Spaces and Places: Art Along the Brooklyn Waterfront Conference a Success!

Thanks to all who came to the Spaces & Places: Art Along the Brooklyn Waterfront Conference. The Keynote Speaker Commissioner Tom Finkelpearl began the conference by discussing his New York City Department of Cultural Affairs Initiatives on diversity in the arts and housing for artists. A panel of artists followed, explaining the role of the waterfront in creating their art. They also recounted their experiences finding affordable rents in DUMBO in the 1980s and mentioned current projects such as building a temporary floating bridge to Governors Island and bioswales for the Brooklyn waterfront.

After a networking break, two final panels mixed artists, gallery owners, and developers to discuss how art will continue being made along the waterfront.

Photos below are by Andie Lessa, City Tech Faculty Commons Design Team and the BWRC’s Jeremiah Cox:

1_by_andie_lessa 5 by Jeremiah Cox 4 by Andie Lessa 3 by Andie Lessa 2 by Jeremiah Cox 6 by Andie Lessa 10 by Jeremiah Cox 8 by Andie Lessa 9 by Andie Lessa 7 by Jeremiah Cox 11 by Andie Lessa 15 by Andie Lessa 14 by Andie Lessa 13 by Jeremiah Cox 12 by Jeremiah Cox 16 by Andie Lessa 20 by Jeremiah Cox 19 by Jeremiah Cox 18 by Andie Lessa 17 by Andie Lessa

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Speakers Announced for “Spaces & Places: Art Along the Brooklyn Waterfront” Conference

The BWRC is proud to announce the confirmed speakers for the Spaces & Places: Art Along the Brooklyn Waterfront Conference Friday, March 27 at Brooklyn’s Borough Hall.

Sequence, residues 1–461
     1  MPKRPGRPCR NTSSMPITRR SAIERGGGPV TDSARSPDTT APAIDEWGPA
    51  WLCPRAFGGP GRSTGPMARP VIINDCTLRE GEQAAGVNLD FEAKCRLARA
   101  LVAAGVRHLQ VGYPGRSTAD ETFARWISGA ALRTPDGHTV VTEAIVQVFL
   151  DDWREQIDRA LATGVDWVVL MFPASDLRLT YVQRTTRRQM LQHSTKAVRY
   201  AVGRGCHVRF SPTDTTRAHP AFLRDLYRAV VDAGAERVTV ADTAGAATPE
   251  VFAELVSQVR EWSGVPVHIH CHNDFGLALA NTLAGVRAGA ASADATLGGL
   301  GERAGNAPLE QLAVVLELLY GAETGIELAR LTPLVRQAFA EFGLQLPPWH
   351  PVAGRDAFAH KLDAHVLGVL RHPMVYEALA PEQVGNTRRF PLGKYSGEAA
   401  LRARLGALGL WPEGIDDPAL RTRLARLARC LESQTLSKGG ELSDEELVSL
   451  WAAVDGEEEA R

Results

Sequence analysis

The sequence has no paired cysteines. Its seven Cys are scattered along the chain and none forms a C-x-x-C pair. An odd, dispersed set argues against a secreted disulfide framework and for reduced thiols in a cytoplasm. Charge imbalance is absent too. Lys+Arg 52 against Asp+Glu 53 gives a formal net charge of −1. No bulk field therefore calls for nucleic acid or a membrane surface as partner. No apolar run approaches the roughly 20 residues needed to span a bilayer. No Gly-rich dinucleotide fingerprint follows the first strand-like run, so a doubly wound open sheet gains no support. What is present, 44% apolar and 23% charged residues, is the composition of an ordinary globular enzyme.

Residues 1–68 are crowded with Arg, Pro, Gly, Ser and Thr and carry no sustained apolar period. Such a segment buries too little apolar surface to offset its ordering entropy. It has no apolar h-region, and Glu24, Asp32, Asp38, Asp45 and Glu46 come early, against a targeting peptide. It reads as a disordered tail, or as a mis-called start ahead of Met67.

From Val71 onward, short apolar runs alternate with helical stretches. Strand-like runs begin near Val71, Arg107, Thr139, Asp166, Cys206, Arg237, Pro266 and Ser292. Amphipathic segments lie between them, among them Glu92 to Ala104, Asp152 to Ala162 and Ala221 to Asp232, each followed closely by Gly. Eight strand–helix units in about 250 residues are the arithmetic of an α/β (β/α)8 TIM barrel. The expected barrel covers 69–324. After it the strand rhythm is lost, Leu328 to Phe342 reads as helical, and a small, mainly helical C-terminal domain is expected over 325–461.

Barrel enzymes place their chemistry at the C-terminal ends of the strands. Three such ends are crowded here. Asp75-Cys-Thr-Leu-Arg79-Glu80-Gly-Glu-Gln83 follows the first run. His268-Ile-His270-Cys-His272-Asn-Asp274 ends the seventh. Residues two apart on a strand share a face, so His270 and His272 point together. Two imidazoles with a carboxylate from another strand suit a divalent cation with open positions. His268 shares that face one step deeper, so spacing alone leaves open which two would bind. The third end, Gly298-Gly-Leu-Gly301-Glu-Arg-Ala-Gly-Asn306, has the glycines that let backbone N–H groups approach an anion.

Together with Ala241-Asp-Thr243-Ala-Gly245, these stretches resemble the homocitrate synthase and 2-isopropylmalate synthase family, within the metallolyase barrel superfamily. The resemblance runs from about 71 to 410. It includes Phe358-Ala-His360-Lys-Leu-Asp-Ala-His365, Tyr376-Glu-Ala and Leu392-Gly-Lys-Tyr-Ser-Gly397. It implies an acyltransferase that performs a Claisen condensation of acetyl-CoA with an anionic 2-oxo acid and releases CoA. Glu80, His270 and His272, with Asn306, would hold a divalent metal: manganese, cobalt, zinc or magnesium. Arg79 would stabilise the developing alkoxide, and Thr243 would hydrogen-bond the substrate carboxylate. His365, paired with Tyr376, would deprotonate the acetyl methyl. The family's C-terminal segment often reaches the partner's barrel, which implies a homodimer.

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Welcomes:

Keynote Address: Commissioner, Thomas Finkelpearl, New York City Department of Cultural Affairs

Panel One: Artists

Panel Two: Places for Making, Displaying, and Selling Art I

Panel Three: Places for Making, Displaying, and Selling Art II

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Registration for Spaces and Places: Art on the Brooklyn Waterfront is now Open!

BWRC_Spaces&Places_Save-the-Date

Registration for the BWRC’s 2015 Conference on Spaces and Places: Art Along the Brooklyn Waterfront on March 27, 2015 from 8:30am to 12:30pm at Brooklyn’s Borough Hall is now open. The conference will tell an interesting and important story about how and where art is made, displayed and sold along the Brooklyn Waterfront. Commissioner Tom Finkelpearl of the New York City Department of Cultural Affairs will be the Keynote Speaker.
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Eymund Diegel Discusses CSI on the Gowanus Canal

On February 27, 2015 urban planner and citizen scientist Eymund Diegel of the Public Lab gave an insightful breakfast talk on the various CSI techniques and tools he’s used to map and record the environmental history of his neighborhood including the Gowanus Canal. Diegel showed the various rudimentary tools he uses in his research from inexpensive cameras mounted on kites and balloons to using microphones to listen to the sounds of New York City sewer’s and sense where former steams once ran. The data he’s collected has been used to map a range of features from underground and still bubbling springs in and near the canal to finding the sources of various creeks who’s headwaters are in the canal and finding their sources in Prospect Park. Overall Eymund showcased the important work the Public Lab is doing to help the efforts to understand the ecological history of the Gowanus Canal.